Virginia State’s President Abdullah Leading By Example: Establishes Banking Relationship at VSU Credit Union


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In a release on Twitter, Kevin Davenport, Virginia State University’s Chief Financial Officer, announced that President Makolah Abdullah would be establishing a personal banking relationship with Virginia State University Federal Credit Union, which is the  fourth largest HBCU-based credit union with $8.6 million assets.

It is a move that is prominent after the massive banking black movement began last year. Noted web traffic to HBCU Money would spike anytime there was a police shooting last year to our African American Bank and Credit Union directories. Many African American owned banks and credit unions reporting thousands of accounts being opened and millions of dollars being moved as African Americans looked to take more ownership of their economic power. The movement also coupled with years of financial abuse by banks like Wells Fargo, Bank of America, and others towards the African American community.

The decision by President Abdullah is an important moment as college presidents tend to be more a more financially affluent group. Financially affluent African Americans have often been a group that has been missing among African American owned financial institutions as clients, leaving many institutions to try and survive by piecemealing less financially stable customers and contributing to decades of stagnant products and services offered. We hope this will spur many other HBCU presidents to move their banking relationships and continue to set the example for their students and our community that in order to build a stronger African American ecosystem our institutions, all of them, need our support, investment, and patronage.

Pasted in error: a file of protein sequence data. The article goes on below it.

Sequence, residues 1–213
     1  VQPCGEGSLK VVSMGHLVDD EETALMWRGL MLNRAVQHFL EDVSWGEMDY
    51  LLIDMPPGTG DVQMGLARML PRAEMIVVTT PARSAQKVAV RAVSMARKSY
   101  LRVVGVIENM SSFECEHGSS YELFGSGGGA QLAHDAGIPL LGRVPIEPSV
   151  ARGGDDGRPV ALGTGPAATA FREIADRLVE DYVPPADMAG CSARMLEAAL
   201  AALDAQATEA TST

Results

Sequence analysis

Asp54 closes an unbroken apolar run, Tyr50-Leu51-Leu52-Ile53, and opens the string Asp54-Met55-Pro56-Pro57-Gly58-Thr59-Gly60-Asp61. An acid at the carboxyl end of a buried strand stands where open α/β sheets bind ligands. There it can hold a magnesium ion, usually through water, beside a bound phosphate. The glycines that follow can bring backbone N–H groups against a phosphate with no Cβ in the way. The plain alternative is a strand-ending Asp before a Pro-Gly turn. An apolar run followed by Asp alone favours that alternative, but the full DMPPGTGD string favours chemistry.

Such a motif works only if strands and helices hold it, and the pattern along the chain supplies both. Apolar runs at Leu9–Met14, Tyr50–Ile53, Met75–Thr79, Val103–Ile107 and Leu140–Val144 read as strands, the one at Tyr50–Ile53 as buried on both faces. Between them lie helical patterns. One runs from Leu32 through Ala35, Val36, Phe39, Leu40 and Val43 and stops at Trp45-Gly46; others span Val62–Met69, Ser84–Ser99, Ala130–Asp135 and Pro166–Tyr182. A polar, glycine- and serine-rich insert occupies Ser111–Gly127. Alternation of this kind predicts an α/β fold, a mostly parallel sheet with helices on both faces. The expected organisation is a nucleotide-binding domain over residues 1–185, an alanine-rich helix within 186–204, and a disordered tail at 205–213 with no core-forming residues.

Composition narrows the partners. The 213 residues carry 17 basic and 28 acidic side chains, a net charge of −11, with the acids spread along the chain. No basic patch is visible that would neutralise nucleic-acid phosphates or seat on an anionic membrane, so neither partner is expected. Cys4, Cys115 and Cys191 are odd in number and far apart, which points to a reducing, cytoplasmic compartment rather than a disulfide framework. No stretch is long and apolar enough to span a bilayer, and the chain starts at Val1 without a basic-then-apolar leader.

Of course, the major missing piece is moving institutional accounts. HBCUs control billions in institutional money and could significantly enlarge the $10.4 billion that is now controlled by 339 African American owned banks and credit unions left. However, very few African American financial institutions are capable of handling institutional accounts. Currently, OneUnited Bank, the largest African American owned bank or credit union with $648 million in assets, has two HBCUs, Roxbury Community College and Florida Memorial as institutional clients. As the banks and credit unions become more stable with growing deposits from individuals, then they will be able to offer the more complex products that institutions and businesses need. So while President Abdullah maybe just one account, the halo effect could begin a second wave in the #BankBlack movement in 2017 and beyond.